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Walworth County human services in a budget crunch

Mike Heine/The Week

(Published Sept. 18, 2007, 4:27 p.m.)

Walworth County children are staying longer in foster homes, detention centers and community based living programs and it may create an $800,000 budget shortfall for the Health and Human Services Department without clever budgeting.

Department heads feel the shortfall will be averted when the books are closed at the end of the year because of tightened fiscal belts.

"We looked in every nook and cranny," for funds, said Linda Seemeyer, department director.

No programs or staff were cut, but money was taken from line items just about everywhere to support the children's division, Seemeyer said. Training and travel were cut and some vacant positions remained unfilled.

"We've tightened everything down a lot," she said, nothing the department is about $80,000 away from being back on target for an even budget. "Our ability to withstand unexpected pressures in other areas is really limited. We scrubbed every budget we had."

Dr. David Thompson, deputy director, said about $500,000 of the projected deficit is for foster care placements. The remainder is from other residential treatment placements--such as Rawhide Boys Ranch--or juvenile corrections, including juvenile detention halls.

It is unclear why, but placements in the programs are lasting longer. Thus, costs are rising, Thompson said.

"I think it reflects the severity level of the kids who come in," Thompson said. "The family situations are worse. It's more difficult to make changes that will keep them safe and allow us to get kids out of (out-of-home) care."

But the department is trying, Thompson said.

"We are looking aggressively for other alternatives to prevent out-of-home placements, and also other ways for children who are in out-of-home placements back home sooner," Thompson said.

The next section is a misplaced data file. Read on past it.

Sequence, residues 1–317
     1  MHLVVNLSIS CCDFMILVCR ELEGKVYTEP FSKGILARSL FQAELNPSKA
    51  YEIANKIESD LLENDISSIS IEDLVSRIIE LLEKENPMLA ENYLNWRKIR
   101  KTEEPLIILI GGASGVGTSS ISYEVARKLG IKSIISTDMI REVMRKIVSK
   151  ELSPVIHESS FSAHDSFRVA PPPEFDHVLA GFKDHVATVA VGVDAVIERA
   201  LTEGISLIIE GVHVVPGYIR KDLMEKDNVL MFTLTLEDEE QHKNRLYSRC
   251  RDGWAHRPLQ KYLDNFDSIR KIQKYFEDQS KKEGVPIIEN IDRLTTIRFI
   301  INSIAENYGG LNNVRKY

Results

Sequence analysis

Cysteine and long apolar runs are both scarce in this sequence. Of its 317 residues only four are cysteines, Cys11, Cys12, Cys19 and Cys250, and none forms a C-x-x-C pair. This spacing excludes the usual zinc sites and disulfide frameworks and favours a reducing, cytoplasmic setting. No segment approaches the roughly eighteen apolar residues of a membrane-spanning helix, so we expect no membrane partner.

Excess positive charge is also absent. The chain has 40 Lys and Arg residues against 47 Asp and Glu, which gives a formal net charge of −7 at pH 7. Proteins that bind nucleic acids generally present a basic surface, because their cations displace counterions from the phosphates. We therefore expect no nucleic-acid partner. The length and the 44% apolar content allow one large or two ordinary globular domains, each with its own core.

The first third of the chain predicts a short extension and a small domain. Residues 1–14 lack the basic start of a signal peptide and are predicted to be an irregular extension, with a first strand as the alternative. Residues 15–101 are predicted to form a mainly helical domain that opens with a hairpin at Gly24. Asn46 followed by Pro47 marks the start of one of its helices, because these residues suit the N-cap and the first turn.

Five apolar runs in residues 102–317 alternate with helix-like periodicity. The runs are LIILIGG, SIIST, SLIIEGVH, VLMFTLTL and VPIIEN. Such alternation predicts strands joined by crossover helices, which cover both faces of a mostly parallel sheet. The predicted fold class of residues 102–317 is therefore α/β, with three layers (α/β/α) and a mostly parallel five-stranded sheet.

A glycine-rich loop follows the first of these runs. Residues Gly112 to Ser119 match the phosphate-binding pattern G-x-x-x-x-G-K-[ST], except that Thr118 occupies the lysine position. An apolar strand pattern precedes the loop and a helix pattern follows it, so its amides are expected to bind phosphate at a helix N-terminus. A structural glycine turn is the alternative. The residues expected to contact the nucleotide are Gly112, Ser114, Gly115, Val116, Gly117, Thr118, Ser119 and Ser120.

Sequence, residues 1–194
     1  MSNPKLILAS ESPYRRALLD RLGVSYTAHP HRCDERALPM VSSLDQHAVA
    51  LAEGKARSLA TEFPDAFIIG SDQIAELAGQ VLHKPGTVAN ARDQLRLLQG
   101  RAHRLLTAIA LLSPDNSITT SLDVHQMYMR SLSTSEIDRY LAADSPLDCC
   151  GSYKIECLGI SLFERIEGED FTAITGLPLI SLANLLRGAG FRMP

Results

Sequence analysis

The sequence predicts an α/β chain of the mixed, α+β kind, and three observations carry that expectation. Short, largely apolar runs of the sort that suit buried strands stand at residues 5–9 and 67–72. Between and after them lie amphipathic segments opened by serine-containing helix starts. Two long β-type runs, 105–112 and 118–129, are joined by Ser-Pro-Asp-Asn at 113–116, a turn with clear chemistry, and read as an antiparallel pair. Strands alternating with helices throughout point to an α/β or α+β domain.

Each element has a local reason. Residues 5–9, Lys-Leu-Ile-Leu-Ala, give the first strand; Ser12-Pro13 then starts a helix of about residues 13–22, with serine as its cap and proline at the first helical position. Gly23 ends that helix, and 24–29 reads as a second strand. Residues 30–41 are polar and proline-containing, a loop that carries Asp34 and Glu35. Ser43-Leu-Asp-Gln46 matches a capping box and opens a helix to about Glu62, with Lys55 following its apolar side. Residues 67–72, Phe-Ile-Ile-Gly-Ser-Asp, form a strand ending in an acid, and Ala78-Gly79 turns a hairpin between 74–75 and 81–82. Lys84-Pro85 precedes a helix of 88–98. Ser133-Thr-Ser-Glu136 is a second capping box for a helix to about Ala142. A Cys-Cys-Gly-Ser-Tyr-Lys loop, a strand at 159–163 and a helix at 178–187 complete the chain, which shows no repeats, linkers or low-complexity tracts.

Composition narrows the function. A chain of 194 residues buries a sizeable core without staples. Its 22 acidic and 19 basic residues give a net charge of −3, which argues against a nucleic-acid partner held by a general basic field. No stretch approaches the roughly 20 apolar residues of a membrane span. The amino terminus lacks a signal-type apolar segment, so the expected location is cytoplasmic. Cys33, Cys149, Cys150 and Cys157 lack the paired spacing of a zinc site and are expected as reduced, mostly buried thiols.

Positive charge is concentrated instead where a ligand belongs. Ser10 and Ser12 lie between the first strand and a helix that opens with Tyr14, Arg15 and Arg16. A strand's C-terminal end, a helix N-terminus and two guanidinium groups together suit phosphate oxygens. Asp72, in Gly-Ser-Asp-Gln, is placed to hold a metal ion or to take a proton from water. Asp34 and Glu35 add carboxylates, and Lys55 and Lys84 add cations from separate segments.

Possible solutions are focusing on finding extended family members to care for children, working with parents to create a suitable home life and working with judges and the district attorney's office to seek alternatives before recommending costly out-of-home placements, Thompson said.

Foster care can cost between $25 and $115 per day per child, Thompson said. A correctional facility can cost between $200 and $250 per day per child.

Part of the budget deficit problem, Thompson said, was projections looking back only two years, which happened to be two of the lowest-cost years in nearly a decade.

Next year's budget will ask for about $500,000 more for the children's unit budget after considering historical trends over a seven-year period, Thompson said.

The recommended increase will not take away from other programming, Seemeyer said.

A massive restructuring to the department led by the previous administration is saving the county money by capturing more Medicaid reimbursements and having people move out of group homes and into less-restrictive community settings, Seemeyer said.

The department budget is seeking a 1.4 percent increase in tax-supported dollars, according to the proposed county budget.

 

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